This guide examines the seven branches of engineering which are expected to add the greatest number of jobs in the decade preceding 2028, including a discussion of typical job responsibilities, the number of current workers in each subfield, and prospective salaries.

Please note that all national data is from the U.S. Bureau of Labor Statistics (BLS 2019).

Industrial Engineering

The field of industrial engineering is the fastest growing subfield, as reported by the Bureau of Labor Statistics (2019). In the next eight years, this equates to an addition of 23,800 jobs. In other words, the number of available positions is expected to grow from 284,600 to 308,400 by the year 2028.

What Do Industrial Engineers Do?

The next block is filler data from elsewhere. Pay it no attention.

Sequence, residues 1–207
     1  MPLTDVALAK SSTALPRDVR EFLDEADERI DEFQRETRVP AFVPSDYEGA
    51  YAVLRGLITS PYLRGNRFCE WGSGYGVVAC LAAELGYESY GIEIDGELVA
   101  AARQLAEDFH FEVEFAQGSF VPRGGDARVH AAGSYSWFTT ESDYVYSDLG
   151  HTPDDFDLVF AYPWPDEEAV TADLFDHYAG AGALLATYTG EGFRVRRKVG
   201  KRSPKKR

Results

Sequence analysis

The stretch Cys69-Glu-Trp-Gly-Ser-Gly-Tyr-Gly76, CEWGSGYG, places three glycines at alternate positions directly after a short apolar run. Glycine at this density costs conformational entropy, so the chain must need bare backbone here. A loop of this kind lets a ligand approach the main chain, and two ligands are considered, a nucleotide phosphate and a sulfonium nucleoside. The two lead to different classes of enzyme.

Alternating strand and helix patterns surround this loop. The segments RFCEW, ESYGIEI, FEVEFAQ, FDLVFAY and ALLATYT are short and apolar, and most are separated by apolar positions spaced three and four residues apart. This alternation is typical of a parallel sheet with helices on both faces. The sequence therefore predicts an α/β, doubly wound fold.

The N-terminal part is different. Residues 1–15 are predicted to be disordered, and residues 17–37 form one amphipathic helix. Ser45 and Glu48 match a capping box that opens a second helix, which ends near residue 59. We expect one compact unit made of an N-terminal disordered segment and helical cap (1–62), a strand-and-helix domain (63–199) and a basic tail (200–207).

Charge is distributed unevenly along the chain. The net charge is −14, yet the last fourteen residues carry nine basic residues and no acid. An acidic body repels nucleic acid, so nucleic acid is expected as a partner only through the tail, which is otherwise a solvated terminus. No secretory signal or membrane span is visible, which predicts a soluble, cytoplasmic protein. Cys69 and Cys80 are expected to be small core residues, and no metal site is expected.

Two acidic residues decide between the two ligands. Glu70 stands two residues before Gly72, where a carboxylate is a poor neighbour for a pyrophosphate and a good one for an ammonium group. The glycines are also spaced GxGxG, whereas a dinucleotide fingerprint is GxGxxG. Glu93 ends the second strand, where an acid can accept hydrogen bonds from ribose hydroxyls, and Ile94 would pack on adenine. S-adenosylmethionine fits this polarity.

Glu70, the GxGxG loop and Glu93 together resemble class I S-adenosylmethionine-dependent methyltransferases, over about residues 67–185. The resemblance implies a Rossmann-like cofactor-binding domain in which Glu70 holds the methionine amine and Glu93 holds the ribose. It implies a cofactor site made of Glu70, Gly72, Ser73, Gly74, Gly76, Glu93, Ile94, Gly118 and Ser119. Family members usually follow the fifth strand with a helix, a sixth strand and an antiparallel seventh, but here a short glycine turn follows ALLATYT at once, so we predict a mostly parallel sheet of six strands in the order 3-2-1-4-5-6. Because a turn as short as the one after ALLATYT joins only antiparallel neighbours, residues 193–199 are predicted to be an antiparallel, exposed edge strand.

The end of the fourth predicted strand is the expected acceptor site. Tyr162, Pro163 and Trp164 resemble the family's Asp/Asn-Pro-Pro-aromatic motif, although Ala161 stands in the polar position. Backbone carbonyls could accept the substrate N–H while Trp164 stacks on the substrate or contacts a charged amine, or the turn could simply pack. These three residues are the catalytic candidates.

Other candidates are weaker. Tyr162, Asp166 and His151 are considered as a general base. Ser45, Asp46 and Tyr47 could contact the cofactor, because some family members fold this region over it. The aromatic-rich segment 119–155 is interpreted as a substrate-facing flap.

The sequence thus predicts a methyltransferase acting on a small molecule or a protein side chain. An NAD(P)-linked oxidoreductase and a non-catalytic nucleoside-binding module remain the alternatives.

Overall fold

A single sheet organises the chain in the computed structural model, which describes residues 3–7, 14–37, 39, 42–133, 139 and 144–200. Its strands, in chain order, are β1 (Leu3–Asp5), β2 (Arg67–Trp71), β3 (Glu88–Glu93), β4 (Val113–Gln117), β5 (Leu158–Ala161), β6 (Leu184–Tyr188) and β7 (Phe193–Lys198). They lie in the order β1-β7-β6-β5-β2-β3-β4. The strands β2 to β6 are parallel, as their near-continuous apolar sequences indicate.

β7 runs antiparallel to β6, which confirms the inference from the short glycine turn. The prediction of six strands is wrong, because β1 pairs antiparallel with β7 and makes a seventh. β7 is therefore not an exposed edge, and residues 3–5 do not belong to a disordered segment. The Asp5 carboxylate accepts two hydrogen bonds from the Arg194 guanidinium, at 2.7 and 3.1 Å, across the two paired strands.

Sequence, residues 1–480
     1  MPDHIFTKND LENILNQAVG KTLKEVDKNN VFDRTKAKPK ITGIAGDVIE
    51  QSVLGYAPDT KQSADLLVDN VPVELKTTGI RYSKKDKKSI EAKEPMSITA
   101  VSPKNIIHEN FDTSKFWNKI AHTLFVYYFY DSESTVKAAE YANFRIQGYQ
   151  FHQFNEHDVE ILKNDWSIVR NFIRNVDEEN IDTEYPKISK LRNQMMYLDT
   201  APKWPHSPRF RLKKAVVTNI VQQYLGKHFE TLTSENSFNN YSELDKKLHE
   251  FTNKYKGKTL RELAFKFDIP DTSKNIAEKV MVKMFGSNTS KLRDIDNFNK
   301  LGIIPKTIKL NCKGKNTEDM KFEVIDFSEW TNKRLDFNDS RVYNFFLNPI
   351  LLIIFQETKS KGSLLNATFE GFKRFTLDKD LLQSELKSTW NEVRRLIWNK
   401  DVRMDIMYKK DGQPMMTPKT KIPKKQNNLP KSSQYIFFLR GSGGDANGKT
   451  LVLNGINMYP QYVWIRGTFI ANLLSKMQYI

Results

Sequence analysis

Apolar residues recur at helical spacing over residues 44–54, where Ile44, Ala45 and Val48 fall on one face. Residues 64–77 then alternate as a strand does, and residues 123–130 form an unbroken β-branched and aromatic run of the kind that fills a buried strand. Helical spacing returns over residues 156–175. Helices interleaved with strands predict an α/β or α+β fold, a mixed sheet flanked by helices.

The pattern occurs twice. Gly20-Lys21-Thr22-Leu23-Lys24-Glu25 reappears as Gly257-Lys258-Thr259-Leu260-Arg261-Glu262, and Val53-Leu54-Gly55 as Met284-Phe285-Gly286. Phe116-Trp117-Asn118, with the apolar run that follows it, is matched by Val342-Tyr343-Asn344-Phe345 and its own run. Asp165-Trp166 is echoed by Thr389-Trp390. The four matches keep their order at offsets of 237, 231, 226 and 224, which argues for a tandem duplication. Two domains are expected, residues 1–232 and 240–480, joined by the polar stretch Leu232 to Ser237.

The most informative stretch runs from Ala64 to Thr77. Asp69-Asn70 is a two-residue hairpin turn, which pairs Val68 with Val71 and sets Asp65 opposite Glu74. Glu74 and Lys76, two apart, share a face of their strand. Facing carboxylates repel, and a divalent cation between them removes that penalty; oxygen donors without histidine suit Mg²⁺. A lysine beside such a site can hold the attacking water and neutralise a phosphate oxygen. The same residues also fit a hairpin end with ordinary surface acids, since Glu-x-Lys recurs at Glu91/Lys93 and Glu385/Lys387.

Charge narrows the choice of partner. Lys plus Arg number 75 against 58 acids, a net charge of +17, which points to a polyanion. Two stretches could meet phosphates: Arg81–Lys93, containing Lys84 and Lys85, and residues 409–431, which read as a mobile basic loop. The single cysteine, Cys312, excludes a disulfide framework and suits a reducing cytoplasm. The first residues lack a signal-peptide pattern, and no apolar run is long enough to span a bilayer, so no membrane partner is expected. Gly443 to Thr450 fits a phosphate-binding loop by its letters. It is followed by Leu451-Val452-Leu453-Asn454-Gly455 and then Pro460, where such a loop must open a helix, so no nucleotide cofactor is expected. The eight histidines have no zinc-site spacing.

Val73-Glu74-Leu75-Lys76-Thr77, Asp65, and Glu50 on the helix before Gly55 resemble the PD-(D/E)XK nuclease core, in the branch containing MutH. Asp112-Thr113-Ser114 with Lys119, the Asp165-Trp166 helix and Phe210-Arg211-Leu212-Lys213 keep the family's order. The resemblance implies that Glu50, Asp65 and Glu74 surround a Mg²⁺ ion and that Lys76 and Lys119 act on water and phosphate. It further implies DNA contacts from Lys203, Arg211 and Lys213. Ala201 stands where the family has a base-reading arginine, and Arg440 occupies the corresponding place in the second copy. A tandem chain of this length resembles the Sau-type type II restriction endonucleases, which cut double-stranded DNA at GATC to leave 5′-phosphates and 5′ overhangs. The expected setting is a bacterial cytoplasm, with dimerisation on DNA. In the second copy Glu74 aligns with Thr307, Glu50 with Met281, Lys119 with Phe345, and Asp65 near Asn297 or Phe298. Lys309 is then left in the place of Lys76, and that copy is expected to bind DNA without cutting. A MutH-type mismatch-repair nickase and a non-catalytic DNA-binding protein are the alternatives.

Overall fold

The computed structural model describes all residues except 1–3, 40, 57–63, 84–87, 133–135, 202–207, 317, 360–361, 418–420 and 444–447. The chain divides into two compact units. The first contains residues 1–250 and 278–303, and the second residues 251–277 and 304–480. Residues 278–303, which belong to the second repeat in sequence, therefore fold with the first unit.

The work of an industrial engineer is generally focused on the concept of efficiency in production. Depending on their work setting, an industrial engineer may be tasked with developing efficient systems that integrate workers, materials, machines, information, and energy in the creation of a product or the provision of a specific service.

Industrial Engineer Salary

Here are the latest salary averages, number of industrial engineers employed, and wage percentiles from the BLS (May 2018):

Industrial engineers (279,550 employed in the US): $91,630 average annual salary

  • 10th percentile: $56,470
  • 25th percentile: $69,690
  • 50th percentile (median): $87,040
  • 75th percentile: $108,560
  • 90th percentile: $132,340

Civil Engineering

The field of civil engineering is the second fastest growing subfield, as reported by the Bureau of Labor Statistics (2019). Specifically, civil engineering jobs are expected to grow by 6 percent between 2018 and 2028, which amounts to an increase of 20,500 jobs overall. In other words, openings in this subfield will rise from 326,800 to 347,300 nationwide.